Washington Post media reporter Paul Farhi is finding a lot of unusual circumstances -- and unusual no-comments -- around Michelle Obama's razzle-dazzle distraction outing to Target after her latest controversy over wearing $42,000 diamond bracelets. He found "there might have been something to the notion of White House orchestration." Farhi's story did not note how the Post's own gossip columnists were eagerly orchestrated to coo over the photo (including on NBC).
Is the AP granting the First Lady a publicity favor to curb the Michelle Antoinette echoes that will give them increased access later in return? If the official White House photographer had taken these shots, Farhi noted, the rest of the press would have seen them as promotional. Somehow they weren't if AP put their prestige on the credit line instead. Farhi lined up all the improbabilities:
Neither the White House nor the Associated Press will say how AP photographer Charles Dharapak came to be the only news photographer present at the Alexandria Target to capture Obama’s shopping excursion.
“All I can say is that it was the result of good source work on his part,” AP spokesman Paul Colford said, declining to elaborate on the sources or the work involved. [Cue the laugh track.]
A spokeswoman for Michelle Obama, Kristina Schake, also declined to discuss how the photographs came about. In a statement, she said, “It is not uncommon for the First Lady to slip out to run an errand, eat at a local restaurant or otherwise enjoy the city outside the White House gates.”
But it is uncommon, and perhaps unprecedented, for a single news organization to record such a trip. First ladies, such as Laura Bush and Hillary Rodham Clinton, occasionally went shopping or on outings in Washington without anyone in the media tagging along.
An official White House photographer often records private or personal moments involving the president and first lady. But news organizations are hesitant to publish such photos because they are considered promotional. Having a respected news organization such as the Associated Press take and distribute the photos, on the other hand, might increase their newsworthiness, considering that they were produced independent of the White House’s image-making machinery.
As a practical matter, it’s difficult to know in advance where a first lady is headed without White House cooperation. Obama, unlike the president, doesn’t travel with a regular press retinue that records every public moment. The White House doesn’t “provide details about the first lady’s personal activities” to protect her privacy, said Semonti Stephens, a spokeswoman.
Dharapak, who has declined interview requests, is a veteran news photographer assigned to the White House. He doesn’t regularly cover the first lady, though he was part of the press pool that shot pictures of her family trip to southern Africa in June.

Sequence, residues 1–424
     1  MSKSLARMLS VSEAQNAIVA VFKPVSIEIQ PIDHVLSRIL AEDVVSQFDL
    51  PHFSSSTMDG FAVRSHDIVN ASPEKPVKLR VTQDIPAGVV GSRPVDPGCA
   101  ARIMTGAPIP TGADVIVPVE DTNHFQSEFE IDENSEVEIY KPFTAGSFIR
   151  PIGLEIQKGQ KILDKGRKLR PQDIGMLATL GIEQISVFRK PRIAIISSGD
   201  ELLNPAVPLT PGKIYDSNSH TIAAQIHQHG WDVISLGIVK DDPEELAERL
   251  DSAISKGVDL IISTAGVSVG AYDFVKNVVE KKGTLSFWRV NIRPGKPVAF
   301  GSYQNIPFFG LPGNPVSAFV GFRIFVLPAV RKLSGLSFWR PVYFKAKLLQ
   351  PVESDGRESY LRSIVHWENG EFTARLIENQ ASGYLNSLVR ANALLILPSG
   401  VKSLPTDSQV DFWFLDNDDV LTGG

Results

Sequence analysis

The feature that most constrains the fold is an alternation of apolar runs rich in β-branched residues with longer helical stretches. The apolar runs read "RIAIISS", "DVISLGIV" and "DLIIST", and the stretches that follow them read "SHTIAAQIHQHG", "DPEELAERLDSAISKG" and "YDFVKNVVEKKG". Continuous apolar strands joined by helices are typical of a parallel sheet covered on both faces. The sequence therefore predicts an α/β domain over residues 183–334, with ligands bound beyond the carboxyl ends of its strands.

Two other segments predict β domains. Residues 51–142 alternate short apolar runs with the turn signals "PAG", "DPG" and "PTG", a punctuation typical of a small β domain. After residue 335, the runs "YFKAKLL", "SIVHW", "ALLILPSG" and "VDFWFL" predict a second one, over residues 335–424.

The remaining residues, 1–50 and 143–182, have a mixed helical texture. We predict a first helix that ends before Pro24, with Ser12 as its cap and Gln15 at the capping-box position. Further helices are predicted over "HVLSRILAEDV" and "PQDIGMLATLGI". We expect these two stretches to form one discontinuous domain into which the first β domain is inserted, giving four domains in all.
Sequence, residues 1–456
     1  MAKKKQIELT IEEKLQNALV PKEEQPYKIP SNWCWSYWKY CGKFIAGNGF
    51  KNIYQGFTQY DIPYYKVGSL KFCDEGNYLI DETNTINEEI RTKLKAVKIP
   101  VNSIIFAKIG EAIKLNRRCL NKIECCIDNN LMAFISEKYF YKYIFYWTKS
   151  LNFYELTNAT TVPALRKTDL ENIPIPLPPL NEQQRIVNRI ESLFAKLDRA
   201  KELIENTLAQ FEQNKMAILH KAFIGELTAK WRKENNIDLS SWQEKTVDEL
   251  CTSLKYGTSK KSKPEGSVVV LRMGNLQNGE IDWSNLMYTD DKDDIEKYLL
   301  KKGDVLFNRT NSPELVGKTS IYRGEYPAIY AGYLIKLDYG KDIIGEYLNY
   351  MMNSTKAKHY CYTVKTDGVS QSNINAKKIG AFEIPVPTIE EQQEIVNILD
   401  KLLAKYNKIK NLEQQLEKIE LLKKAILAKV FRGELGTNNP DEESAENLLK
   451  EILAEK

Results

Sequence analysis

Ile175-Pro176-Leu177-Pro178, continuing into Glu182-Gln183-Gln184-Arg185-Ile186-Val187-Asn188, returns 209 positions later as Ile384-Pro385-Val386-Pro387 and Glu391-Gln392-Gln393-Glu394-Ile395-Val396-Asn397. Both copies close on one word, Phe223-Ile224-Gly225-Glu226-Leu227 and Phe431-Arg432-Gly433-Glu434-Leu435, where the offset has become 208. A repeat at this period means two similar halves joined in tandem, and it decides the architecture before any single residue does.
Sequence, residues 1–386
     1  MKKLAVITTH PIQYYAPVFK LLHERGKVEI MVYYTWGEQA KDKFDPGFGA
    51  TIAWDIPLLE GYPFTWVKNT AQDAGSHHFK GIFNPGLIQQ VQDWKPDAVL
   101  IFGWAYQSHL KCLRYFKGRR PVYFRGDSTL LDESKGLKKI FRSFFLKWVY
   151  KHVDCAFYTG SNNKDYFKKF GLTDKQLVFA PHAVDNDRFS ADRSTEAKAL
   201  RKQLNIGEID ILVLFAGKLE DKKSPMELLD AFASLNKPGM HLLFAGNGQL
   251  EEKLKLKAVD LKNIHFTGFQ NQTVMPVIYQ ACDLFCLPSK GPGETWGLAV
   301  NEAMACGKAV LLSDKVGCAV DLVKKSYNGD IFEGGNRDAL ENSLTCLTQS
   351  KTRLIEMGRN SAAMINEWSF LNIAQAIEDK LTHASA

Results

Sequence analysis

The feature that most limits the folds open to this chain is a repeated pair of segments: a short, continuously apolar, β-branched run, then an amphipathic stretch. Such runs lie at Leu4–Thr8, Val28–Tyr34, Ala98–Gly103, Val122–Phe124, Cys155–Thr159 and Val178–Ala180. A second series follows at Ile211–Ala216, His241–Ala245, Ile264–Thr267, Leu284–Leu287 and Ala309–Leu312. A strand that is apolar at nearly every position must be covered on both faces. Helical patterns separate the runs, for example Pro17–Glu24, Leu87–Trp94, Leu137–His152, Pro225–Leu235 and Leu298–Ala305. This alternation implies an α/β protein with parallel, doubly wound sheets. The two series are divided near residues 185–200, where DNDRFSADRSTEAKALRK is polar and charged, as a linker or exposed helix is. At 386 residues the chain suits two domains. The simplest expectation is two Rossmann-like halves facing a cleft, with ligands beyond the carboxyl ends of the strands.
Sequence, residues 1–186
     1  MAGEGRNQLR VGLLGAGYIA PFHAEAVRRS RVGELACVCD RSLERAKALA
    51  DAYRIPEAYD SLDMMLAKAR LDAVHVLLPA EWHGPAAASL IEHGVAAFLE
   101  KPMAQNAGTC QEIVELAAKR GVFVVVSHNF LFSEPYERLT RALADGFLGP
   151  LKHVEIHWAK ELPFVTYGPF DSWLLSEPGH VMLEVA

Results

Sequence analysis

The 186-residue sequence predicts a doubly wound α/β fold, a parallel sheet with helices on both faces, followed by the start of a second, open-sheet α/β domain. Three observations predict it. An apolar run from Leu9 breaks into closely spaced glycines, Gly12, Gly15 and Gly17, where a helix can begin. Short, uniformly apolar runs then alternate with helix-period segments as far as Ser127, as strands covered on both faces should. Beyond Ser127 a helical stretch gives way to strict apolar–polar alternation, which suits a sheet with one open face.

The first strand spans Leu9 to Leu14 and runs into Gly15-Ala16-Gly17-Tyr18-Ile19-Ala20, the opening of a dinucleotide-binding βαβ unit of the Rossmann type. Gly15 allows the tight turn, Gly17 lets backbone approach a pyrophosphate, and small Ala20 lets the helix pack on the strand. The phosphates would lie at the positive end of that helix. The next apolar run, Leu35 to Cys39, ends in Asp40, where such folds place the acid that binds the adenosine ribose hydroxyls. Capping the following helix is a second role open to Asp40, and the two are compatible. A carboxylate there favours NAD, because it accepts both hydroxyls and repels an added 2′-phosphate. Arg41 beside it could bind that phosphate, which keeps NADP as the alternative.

Moreover, Dharapak appears to have been fortunate to have been able to take photos inside the store. Corporate chains such as Target prohibit news photography on company-owned premises without prior permission. Camera crews that went to the Alexandria Target after the photos were released were allowed to shoot footage inside the store only with the company’s approval and only in designated areas for a limited time.
Farhi began by noting how conservative talkers Sean Hannity and Rush Limbaugh found it suspiciously phony from the get-go. "What a phony-baloney plastic-banana good time rock-and-roll photo op," said Limbaugh.
Near the end, Farhi claimed Mrs. Obama has "taken an unusual amount of criticism for a first lady from the likes of Limbaugh and other conservatives," and "the sniping was renewed" over the $42,000 bracelet story. Somehow, the reporter missed both the consistent conservative attention paid to Hillary Rodham Clinton and the way the media treated Nancy Reagan as Nancy Antoinette. Once again, those cooperative Post gossips skipped over the $42,000 bracelet story.
Farhi's story ended by Farhi rebutting himself, finding a liberal journalism professor to insist that what looks obvious probably isn't obvious:
Bob Steele, a journalism ethics professor at DePauw University in Indiana, says the available facts don’t quite warrant the conclusion that Mrs. Obama’s trip to Target was calculated to counter that criticism.
“Journalists and news organizations should not allow themselves to be manipulated in the pursuit of truthful and fair news coverage,” he said, adding, “and, in general, they should be more open about revealing the methods and processes they use to gather the news,” such as disclosing any agreements made with a news source.
But in this case, he said, “absent some cards that haven’t been turned face up on the table, there’s no evidence to suggest that the White House and AP were in cahoots.”
Dear Professor Steele: when neither source will speak on the record as to how the photo shoot occurred, how is that not evidence to suggest someone's trying to deny cahoots? Someone likes the Democrats enough to look completely foolish and gullible in the Washington Post.